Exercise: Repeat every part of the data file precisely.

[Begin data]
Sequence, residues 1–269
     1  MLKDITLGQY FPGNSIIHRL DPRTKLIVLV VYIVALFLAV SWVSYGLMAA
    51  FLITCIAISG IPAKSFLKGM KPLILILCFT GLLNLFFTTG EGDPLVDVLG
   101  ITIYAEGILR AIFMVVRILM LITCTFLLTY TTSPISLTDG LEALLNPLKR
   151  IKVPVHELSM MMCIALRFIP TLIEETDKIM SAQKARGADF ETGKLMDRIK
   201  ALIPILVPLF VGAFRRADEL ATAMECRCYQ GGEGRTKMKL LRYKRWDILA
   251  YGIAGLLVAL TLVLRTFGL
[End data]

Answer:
Sequence, residues 1–269
     1  MLKDITLGQY FPGNSIIHRL DPRTKLIVLV VYIVALFLAV SWVSYGLMAA
    51  FLITCIAISG IPAKSFLKGM KPLILILCFT GLLNLFFTTG EGDPLVDVLG
   101  ITIYAEGILR AIFMVVRILM LITCTFLLTY TTSPISLTDG LEALLNPLKR
   151  IKVPVHELSM MMCIALRFIP TLIEETDKIM SAQKARGADF ETGKLMDRIK
   201  ALIPILVPLF VGAFRRADEL ATAMECRCYQ GGEGRTKMKL LRYKRWDILA
   251  YGIAGLLVAL TLVLRTFGL